I don't think I have offended anyone in quite a while and feel I'm not doing my job if I don't try to periodically; so here goes!

Often a simple mathematical series of numbers can sometimes get misinterpreted (promoted) to be something magical. My personal favorite sequence is 6, 28, 496, 2520, 8128, and 24601. I'll explain them at the end of this article. Personally, I see no value in the actual numbers that make up the Fibonacci series; a series developed by an Italian mathematician (Fibonacci) in the thirteenth century to help understand the propagation of rabbits. First, I must say that I do value the ratio of the numbers that are expanded in a Fibonacci-like series (0, 1, 1, 2, 3, 5, 8, 13, 21, 34, 55, 89, ...). That ratio is 0.618 (and its reciprocal is 1.618), often called the golden ratio because of its wide occurrence in nature; __almost always with a jaundiced eye__. Here is a fact: the actual numbers in the

Fibonacci series have little to do with the ratio. Any two numbers expanded in the same manner will produce the same â€˜golden' ratio. Here is a test: Try it with 2 and 19. Add them together, and then add the total to the previous number just like in the Fibonacci series (2+19=21, 19+21=40, 21+40=61, etc.). Expand this until you get to four-digit numbers so that the accuracy will be acceptable (2, 19, 21, 40, 61, 101, 162, 263, 425, 688, 1113, 1801, 2914, 4716, ...). The last two numbers in this sequence are the two numbers that I will use for this example: 2914 and 4716. Now divide the first number by the second number and you will get 0.618. This is exactly the same as with the value obtained using the Fibonacci series of numbers. So why did I pick 2 and 19 for this example? Hint: the second letter in the alphabet is B. What is the nineteenth letter? S. BS! And that is what numerology is all about. Table A shows the sequence using various starting numbers including my special selection of 2 and 19. The last column begins with a negative number.

Table A

I can find no source that explains why the series of Fibonacci numbers begins at zero. If I were tasked with mathematically identifying the propagation of rabbits, I think I would at least have to begin the series at 2. The fact of the matter is that the series __can begin anywhere__, even negative numbers, as long as the expansion follows the correct formula. It is the ratio that is important, not the actual numbers in the series. So, when you hear someone say they are going to use a 34-day moving average because 34 is a Fibonacci number, you can immediately begin to doubt the rest of their analysis. Just so you know; the Fibonacci expansion of one plus the square root of five divided by 2 will work with any two numbers, even negative numbers. Sorry, no magic here, just numerology. As far as Elliott Wave theory goes, there are often so many complications and conditions introduced into using this type of analysis, that it is incapable of being proved wrong. Sometimes I think it gets adjusted more often than earnings estimates. However, it is always convincing to align the workings of the market with what appears to be pure mathematics. In the series of numbers introduced at the beginning of this section, 6, 28, 496, and 8128, are known as perfect numbers; this means the sum of their divisors (other than the number itself) is also equal to the number. For example: 6 = 1 + 2 + 3, and 28 = 1 + 2 + 4 + 7 + 14. I like 2520 because it is the smallest integer than is divisible by all integers from 1 to 10 inclusive. Finally, I like 24601 as it is the prisoner number of Jean Valjean from Victor Hugo's Les Miserables. Incidentally, 24601 has prime factors of 73 and 337. I like these numbers solely for their mathematical uniqueness; and like many number sequences, they have no use in technical market analysis. Possibly Keno! So why are people drawn to it so much? Probably because of its false potential for predicting the future and its cottage industry of numerology advocates.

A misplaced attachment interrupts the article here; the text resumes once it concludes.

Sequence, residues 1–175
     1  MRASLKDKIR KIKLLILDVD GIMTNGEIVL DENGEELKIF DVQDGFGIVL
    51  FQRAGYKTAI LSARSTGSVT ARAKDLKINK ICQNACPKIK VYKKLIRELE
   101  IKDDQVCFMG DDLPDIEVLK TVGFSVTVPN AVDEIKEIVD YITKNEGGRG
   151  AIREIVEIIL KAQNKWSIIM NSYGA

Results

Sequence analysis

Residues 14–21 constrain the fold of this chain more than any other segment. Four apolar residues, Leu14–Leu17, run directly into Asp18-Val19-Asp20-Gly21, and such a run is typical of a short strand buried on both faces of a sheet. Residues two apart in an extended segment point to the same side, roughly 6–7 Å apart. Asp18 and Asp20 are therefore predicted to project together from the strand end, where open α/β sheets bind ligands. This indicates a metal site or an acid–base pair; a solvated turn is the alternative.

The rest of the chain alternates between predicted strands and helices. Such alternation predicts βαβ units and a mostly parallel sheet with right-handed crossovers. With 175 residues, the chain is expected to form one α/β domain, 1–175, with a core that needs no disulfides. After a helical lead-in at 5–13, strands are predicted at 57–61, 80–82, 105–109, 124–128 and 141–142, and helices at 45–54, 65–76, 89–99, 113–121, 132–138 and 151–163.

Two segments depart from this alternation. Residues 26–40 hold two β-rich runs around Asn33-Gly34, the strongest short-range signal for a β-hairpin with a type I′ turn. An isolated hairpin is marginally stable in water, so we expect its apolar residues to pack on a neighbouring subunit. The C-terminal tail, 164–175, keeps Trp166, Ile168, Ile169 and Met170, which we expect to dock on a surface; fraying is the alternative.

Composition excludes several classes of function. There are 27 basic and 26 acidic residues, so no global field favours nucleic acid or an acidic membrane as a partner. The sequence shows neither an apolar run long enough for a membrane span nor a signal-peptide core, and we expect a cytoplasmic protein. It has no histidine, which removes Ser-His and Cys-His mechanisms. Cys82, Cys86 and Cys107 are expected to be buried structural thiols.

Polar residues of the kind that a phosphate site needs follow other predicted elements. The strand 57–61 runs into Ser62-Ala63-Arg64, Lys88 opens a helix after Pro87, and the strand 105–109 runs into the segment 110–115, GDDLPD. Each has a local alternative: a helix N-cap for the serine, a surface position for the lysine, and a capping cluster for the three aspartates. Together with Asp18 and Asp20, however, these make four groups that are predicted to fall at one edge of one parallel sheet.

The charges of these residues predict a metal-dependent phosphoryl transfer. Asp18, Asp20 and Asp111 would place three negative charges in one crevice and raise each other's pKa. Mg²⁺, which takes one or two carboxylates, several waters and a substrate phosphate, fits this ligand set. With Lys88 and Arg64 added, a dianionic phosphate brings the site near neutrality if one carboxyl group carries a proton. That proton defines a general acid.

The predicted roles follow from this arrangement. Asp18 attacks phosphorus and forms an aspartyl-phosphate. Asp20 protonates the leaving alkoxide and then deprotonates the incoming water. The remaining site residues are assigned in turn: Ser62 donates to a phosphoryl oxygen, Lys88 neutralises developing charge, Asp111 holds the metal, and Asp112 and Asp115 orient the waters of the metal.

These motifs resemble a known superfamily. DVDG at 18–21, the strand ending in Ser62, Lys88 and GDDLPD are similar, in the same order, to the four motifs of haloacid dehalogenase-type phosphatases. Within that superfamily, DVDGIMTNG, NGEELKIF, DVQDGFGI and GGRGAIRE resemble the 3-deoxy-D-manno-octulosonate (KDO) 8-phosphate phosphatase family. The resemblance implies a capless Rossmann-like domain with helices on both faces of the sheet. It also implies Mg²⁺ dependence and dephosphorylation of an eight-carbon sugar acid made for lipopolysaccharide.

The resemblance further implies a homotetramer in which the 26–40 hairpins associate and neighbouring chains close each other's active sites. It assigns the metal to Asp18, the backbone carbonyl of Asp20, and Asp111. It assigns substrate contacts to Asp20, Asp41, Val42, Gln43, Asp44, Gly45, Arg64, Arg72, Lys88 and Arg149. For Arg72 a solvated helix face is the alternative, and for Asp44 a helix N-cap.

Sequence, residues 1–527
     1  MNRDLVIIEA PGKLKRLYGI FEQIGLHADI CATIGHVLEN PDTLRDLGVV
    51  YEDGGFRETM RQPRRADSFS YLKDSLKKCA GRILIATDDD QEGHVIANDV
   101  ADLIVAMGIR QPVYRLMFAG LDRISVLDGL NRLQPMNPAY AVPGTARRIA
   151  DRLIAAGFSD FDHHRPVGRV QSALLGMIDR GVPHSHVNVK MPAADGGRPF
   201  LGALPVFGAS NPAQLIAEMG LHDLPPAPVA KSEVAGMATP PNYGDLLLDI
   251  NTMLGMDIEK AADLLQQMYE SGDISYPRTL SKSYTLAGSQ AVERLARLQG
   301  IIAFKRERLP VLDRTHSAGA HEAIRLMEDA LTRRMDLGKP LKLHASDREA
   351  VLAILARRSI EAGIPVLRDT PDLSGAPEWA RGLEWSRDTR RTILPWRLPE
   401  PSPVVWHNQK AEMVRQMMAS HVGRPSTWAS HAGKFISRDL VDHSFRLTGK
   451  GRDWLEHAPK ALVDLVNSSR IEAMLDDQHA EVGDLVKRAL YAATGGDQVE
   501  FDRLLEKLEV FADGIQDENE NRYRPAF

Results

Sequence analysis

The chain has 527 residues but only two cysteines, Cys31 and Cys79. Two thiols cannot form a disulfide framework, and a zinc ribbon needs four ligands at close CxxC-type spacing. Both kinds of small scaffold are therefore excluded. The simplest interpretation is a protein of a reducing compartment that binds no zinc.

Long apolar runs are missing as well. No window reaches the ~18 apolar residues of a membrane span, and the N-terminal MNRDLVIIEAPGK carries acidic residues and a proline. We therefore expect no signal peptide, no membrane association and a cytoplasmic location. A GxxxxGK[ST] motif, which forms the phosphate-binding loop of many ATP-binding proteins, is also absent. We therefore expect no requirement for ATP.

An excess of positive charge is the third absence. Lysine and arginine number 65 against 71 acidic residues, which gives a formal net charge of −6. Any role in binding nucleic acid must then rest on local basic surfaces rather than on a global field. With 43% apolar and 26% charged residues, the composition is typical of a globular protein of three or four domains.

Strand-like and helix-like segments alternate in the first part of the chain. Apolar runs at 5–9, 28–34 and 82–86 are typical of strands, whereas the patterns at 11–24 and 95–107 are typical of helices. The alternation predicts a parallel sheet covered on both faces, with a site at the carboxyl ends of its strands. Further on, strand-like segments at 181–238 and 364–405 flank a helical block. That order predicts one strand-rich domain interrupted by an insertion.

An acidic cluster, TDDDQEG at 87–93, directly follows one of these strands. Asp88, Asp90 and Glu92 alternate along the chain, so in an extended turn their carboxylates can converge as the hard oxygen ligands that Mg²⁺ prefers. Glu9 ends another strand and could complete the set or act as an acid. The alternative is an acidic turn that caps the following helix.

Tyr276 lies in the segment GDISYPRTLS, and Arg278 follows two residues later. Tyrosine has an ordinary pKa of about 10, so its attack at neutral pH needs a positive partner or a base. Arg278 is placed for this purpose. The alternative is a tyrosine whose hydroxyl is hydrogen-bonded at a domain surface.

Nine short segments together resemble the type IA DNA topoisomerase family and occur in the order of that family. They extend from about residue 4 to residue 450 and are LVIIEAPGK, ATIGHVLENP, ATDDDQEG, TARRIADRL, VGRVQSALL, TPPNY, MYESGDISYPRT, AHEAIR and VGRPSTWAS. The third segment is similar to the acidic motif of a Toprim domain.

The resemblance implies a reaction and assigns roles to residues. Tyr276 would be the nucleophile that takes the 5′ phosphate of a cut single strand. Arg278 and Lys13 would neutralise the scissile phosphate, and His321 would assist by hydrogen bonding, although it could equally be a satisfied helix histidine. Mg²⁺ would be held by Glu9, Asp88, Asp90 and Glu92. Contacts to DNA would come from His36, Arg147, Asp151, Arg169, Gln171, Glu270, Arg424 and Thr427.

I have known many successful traders and investors over the years. I do not know anyone who trades with real money that uses junk science like Fibonacci numbers. I put out articles like this because I see so many technical analysts that do not understand the tools they use; they accept them on face value. Hopefully, you can now see the problems with doing it that way. So, were you offended by or appreciative of this article?

Dance with the Trend,

Greg Morris